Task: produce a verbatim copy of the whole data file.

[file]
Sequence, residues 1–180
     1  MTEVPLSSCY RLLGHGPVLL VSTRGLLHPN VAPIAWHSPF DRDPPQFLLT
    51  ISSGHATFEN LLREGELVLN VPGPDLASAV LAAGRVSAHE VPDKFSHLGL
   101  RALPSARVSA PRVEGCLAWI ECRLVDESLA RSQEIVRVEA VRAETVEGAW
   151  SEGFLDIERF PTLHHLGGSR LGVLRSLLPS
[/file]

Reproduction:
Sequence, residues 1–180
     1  MTEVPLSSCY RLLGHGPVLL VSTRGLLHPN VAPIAWHSPF DRDPPQFLLT
    51  ISSGHATFEN LLREGELVLN VPGPDLASAV LAAGRVSAHE VPDKFSHLGL
   101  RALPSARVSA PRVEGCLAWI ECRLVDESLA RSQEIVRVEA VRAETVEGAW
   151  SEGFLDIERF PTLHHLGGSR LGVLRSLLPS